The conditions of the program included having employees from each utility operating company complete four NIMS on-line training courses (100, 200, 700 and 800).  Additionally, multiple employees have attended training sessions at the Fort Bend County Emergency Operations Center (EOC). During these sessions, attendees learned key definitions, the difference between crisis management and consequence management, the emergency response realities for municipal utility districts, the purpose and objectives of the County EOC, and the framework for the State of Texas Emergency Management Plan.

Jeff Braun, the County’s Emergency Management Coordinator, notes that “OEM staff is committed to expanding the readiness program and he is hopeful that additional companies will take advantage of the training offered in the voluntary program.”  Overall, the program is intended to ensure a more coordinated and effective response to water emergencies that may occur in the future in Fort Bend County.





City of Houston issues mandatory water restrictions

19 08 2011

A couple of days ago, the City of  Houston implemented stricter water conservation measures.  And, yes, that affects citizens in Fort Bend County— about 38,000 individuals of the City of Houston live in Fort Bend County.  The City of Houston, along with First Colony MUD No. 9 are now at “Stage 2” of their drought plans.  More about the actions of the City of Houston can be found in the report from KHOU.com staff, published on August 16, 2011.  The article:

Mayor Annise Parker on Monday implemented the City of Houston’s “Stage Two” water conservation plan, making the previous voluntary water restrictions mandatory for all residents.

Under the Stage Two plan, Houston residents are required to repair all detectable leaks within 72 hours of discovery and limit outdoor watering to two days a week.

Residents at even-numbered street addresses can water their lawns on Sundays and Thursdays, between the hours of 8 p.m. and 10 a.m. Residents with odd-numbered addresses can water on Saturdays and Wednesdays, between the hours of 8 p.m. and 10 a.m.

Failure to comply with the restrictions could result in hundreds of dollars in fines.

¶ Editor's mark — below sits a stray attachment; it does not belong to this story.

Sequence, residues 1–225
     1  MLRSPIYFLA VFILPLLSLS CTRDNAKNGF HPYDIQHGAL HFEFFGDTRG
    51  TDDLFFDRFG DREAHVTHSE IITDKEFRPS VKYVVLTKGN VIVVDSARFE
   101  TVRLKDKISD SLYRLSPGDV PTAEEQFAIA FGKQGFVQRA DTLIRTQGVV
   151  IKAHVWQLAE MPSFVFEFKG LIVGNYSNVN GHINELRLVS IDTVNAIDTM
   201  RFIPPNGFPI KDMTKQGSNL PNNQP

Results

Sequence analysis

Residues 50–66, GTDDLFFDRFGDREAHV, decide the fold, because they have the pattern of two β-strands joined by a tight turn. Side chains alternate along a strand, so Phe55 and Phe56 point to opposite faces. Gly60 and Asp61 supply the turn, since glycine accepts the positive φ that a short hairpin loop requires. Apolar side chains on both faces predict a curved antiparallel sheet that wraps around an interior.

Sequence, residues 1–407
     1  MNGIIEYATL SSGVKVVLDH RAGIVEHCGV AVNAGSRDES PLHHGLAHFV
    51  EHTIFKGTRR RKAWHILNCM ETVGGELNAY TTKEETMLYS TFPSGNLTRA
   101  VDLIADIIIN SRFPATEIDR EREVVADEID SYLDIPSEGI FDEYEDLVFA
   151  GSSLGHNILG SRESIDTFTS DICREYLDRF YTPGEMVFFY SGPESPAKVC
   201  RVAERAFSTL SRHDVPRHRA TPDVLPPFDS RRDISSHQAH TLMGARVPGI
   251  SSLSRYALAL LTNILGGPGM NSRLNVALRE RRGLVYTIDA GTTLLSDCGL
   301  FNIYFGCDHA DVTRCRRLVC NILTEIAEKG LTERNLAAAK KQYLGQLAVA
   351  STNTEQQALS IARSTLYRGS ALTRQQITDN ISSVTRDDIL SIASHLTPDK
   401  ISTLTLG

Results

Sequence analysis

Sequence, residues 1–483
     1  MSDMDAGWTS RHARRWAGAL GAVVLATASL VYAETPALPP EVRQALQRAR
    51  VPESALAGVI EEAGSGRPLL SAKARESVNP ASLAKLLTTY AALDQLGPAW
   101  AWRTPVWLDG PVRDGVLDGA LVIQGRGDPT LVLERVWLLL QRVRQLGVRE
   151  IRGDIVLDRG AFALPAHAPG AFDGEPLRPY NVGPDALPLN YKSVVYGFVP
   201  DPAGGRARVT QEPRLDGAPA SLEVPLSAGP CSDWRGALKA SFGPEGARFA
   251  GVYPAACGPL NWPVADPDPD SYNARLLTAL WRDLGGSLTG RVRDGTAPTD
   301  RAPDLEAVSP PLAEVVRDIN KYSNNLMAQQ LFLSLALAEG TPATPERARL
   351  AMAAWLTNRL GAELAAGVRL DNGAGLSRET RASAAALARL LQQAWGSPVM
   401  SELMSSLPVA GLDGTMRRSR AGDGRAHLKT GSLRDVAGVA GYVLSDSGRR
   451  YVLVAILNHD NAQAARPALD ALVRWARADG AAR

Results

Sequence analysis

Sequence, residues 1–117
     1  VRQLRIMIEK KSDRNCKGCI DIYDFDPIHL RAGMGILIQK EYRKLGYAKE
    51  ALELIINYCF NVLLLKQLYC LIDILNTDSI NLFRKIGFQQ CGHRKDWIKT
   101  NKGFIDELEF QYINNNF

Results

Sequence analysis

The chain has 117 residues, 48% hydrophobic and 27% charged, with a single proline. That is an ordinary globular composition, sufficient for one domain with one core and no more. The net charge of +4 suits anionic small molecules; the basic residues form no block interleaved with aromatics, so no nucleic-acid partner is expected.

Parker said it wasn’t her intention to hand out a slew of violations, but residents are asked to take the restrictions seriously.

“While these restrictions are mandatory, we will begin with warnings and an informational campaign because the goal is voluntary compliance,” said Parker. “For those who insist on not being good neighbors, citations will follow.”

The City of Houston will also begin internal water-conservation measures, including the suspension of any scheduled window or power-washings, an audit of all irrigation systems for leaks, and the suspension of washing city vehicles or equipment except for health, safety or critical maintenance reasons.

The city has three main water reservoirs: Lake Livingston, Lake Houston and Lake Conroe.

Officials said because of the persistent drought conditions, they plan to start drawing water from Lake Conroe to stabilize the declining water level at Lake Houston.

It will be the first time the city has drawn water from Lake Conroe since 1988 — and only the third time in its history.

So far this summer, Lake Conroe has been losing about half a foot of water every month. Once the city starts drawing water, that will increase to more than a foot and a half a month.

In a news conference last week, Parker reminded concerned Lake Conroe property owners that the lake was built thanks to Houston taxpayers in the early 1960s.

“It is what it is,” Parker said. “There may be recreational impacts. We have to provide the necessary water to our population.”

After “Stage Two,” there are two, more serious levels of water rationing.

In the meantime, residents are also encouraged to take other water-conservation measures when possible, such as installing low-flow showerheads, faucet aerators and toilets, refraining from washing cars or filling swimming pools, limiting showers to five minutes, washing only full loads of dishes or clothes and turning off the water while brushing their teeth.





Fort Bend County MUD 81: Mild Drought Conditions in Effect; drought response measures being implemented

11 08 2011

As the drought across the State of Texas continues, there is a growing necessity to conserve water.  Fort Bend County MUD 81 (City of Weston Lakes) has announced today that they are implementing the first stage of its drought contingency plan.  At this point, customers in the municipal utility district boundaries are asked to voluntarily reduct water use, except the following activities shall be mandatory and not voluntary:

  • All outdoor water usage, including, but not limited to, lawn and garden watering, car washing, and window washing, shall be limited as follows:  1)  Only users with even-numbered addresses may use water outdoors on even-numbered days and only users with odd numbered addresses may use water outdoors on odd-numbered days.  In the event no street address exists, only users living on the north and west side of a street may use water outdoors on even-numbered days, and only users on the and east side of a street may use water outdoors on odd-numbered days, and 2) Outdoor water use shall be prohibited between the hours of 6:00 a.m. and 10:00 a.m., and between the hours of 6:00 p.m. and 12:00 a.m. (midnight).